Broadsides

Hart Crane in Greenwich Village 
by Francesca Bratton

 

In his 1921 flâneur’s guide to New York City, Hints to Pilgrims, the dramatist and essayist Charles S. Brooks briefly interrupts his rhapsodies over the city’s ‘restaurants and theatres…bridges…the shipping…parks…fifth avenue…electric signs’ with a quick sketch of its ‘quartier Latin’, Greenwich Village. Brooks’s interlude revolves around a brief meeting with a ‘not entirely famous’ young poet at his lodgings ‘just North of Greenwich Village’ in the Spring of 1919. The poet, whose ‘verses’, we are told, are ‘of the newer sort’, was the twenty-year-old Hart Crane, then living above the offices of Margaret Anderson and Jane Heap’s Little Review (which Brooks chauvinistically dubs ‘The Shriek’) and whose career began in the pages of the Village’s lively journals.[1]

The Afterlives of Georg Trakl 
by John Knowles

 

In the early 1950s, the American poet James Wright, wandered by mistake into the wrong classroom while studying at the University of Vienna and joined a seminar on the poet Georg Trakl. He describes how the professor leading the seminar read Trakl’s poems slowly, with enormous patience, in the twilit room. The only other participants are described as a few old men who “resembled Bowry bums in America”, but something in the clear, softly spoken reading of the poems, meant that Wright returned to that darkening room “every afternoon for a month, through winter and autumn”. Trakl’s poems have the capacity to draw the reader, even unwillingly, into his own world. They are poems that seem to wait on the reader, inviting reading and re-reading.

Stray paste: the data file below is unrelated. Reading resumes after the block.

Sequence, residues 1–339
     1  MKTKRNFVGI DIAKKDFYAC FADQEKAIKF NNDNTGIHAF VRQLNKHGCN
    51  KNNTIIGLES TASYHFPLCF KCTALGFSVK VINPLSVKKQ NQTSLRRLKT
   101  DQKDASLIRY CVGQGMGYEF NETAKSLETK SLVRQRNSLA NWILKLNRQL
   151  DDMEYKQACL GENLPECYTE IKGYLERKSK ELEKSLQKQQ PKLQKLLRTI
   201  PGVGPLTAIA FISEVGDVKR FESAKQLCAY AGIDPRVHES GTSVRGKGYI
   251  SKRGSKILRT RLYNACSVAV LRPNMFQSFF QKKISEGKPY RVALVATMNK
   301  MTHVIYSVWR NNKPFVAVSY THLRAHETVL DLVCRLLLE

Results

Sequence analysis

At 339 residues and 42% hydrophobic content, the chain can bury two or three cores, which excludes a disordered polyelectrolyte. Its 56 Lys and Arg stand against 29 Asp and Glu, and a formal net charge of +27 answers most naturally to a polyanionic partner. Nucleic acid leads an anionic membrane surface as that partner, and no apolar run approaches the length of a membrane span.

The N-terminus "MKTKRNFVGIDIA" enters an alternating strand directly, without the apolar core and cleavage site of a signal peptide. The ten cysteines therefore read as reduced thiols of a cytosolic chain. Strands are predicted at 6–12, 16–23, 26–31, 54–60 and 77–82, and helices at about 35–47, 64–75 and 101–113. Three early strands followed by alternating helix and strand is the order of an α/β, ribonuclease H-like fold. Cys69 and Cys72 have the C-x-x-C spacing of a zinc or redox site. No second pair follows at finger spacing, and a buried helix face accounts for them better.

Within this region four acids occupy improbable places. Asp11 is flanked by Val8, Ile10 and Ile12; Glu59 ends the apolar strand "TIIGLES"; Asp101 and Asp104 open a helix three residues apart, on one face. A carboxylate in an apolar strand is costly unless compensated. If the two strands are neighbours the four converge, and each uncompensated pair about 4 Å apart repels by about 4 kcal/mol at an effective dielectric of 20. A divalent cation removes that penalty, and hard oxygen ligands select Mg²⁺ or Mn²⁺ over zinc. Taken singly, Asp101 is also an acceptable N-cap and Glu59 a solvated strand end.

Drafts & Framents

Royal Wedding: Meghan Markle Left Guests in Tears at Reception with Emotional Poem Dedicated to Prince Harry

Meghan Markle had wedding reception guests in tears as she read an emotional poem she wrote about her intense love for Prince Harry. The verses told how she was “blessed” to have met her prince and said it had been “love at first sight”, reports The Sun. One guest said: “Meghan totally stole the show. “It was the most special part of the entire day and the most unexpected. “She read her poem like the professional actress she is.

Irish President Pays Tribute to Seamus Heaney During Museum Visit

 
President of Ireland Michael D Higgins has visited the museum dedicated to the poet Seamus Heaney in Bellaghy. President Higgins, a long-time friend of the late poet, toured the exhibition at HomePlace, which celebrates the life and literature of the Nobel Laureate, in the company of Marie Heaney and Councillor Dominic Molloy from Mid Ulster District Council.

 

Poetry In The News

'Teach This Poem' Is the Winner of the Innovations in Reading Prize from the National Book Foundation

 
The National Book Foundation announced on Thursday the winner of the 2018 Innovations in Reading Prize, its annual social-impact-through-literature award. Each year the foundation honors one individual or organization that has developed an innovative project that champions literature. Past winners include Barbershop Books, which puts books in barbershops to help inspire young black boys to read, and Next Chapter Book Club, a a community-based reading program for adolescents and adults with intellectual and developmental disabilities. This year, the winner of the Innovations in Reading Prize is The Academy of American Poets for its "Teach This Poem" program.